According to Hofstede, Filipinos accept a hierarchical order and inherent inequalities in society. Subordinates expect to be told what to do, and the ideal boss is a “benevolent autocrat.” That explains why most Filipinos adhere to patronage politics where a leader is revered when s/he provides benefits to voters, madaling lapitan (approachable), at pwedeng maging ninong/ninang sa binyag, kasal o kaya magbayad ng gastos sa libing (can be asked to be godparents in baptisms and weddings or to pay for funeral expenses). In addition, cultures which have high power distance are most often “high-contextz” cultures. There is a reliance on situational and nonverbal cues (official positions, status, family connections) when interacting with others. So if a Filipino is invited to an event or party and s/h responds with a “yes” or a “maybe,” the answer could really be a “no.”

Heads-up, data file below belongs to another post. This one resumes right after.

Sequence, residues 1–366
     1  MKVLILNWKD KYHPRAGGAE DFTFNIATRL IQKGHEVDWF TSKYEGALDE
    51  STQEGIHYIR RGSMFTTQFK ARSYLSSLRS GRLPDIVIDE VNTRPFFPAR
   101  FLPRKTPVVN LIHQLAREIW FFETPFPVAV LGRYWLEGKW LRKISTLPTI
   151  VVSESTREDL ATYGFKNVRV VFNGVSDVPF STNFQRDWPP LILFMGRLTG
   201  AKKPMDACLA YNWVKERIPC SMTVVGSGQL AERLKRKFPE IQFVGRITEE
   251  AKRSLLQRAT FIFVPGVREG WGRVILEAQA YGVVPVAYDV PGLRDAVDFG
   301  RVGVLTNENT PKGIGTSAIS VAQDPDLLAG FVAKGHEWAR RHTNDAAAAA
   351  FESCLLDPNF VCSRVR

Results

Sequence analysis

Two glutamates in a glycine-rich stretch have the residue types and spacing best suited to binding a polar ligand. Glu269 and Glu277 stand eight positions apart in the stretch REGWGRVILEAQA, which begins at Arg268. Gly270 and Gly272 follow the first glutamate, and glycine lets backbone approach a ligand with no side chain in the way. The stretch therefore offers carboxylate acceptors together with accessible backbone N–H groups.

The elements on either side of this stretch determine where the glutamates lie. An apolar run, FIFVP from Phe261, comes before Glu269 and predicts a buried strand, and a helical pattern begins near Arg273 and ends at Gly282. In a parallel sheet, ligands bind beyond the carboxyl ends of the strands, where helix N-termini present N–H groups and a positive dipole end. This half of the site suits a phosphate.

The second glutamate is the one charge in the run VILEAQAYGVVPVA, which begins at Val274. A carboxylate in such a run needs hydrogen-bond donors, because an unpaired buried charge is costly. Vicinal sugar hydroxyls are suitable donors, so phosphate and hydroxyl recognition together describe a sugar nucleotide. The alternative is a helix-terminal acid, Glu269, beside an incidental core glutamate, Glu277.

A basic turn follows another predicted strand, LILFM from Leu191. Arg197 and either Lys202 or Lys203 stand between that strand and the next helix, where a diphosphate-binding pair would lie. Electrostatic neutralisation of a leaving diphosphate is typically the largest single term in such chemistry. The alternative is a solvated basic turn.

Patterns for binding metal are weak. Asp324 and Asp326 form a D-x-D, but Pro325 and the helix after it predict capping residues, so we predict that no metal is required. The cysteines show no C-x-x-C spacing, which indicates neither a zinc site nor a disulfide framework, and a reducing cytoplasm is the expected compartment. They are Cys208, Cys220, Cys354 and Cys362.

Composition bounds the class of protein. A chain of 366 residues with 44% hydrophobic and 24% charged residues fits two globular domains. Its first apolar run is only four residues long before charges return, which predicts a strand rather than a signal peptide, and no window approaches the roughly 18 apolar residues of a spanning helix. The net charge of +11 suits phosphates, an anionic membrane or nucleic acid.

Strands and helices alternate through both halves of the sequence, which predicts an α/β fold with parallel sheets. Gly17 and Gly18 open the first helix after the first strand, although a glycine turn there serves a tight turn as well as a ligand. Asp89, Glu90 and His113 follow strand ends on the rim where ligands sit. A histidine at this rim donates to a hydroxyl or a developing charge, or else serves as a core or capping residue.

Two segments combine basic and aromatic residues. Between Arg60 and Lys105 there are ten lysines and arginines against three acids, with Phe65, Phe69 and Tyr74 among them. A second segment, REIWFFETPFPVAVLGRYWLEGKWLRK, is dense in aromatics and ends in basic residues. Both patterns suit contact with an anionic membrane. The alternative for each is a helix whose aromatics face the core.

Filipinos are collectivistic. They act in the interest of the group and not necessarily theirs. Hiring and promotions are influenced by groups that employees are affiliated with and family members get preferential treatment in businesses. Positive results of this characteristic is that Filipinos will take care of their families (even extended ones), will stay put in a job or position (even if unsatisfactory) because s/he supports the “extended” family. The downside to this characteristic is the cronyism and nepotism that can happen in the workplace, politics and businesses.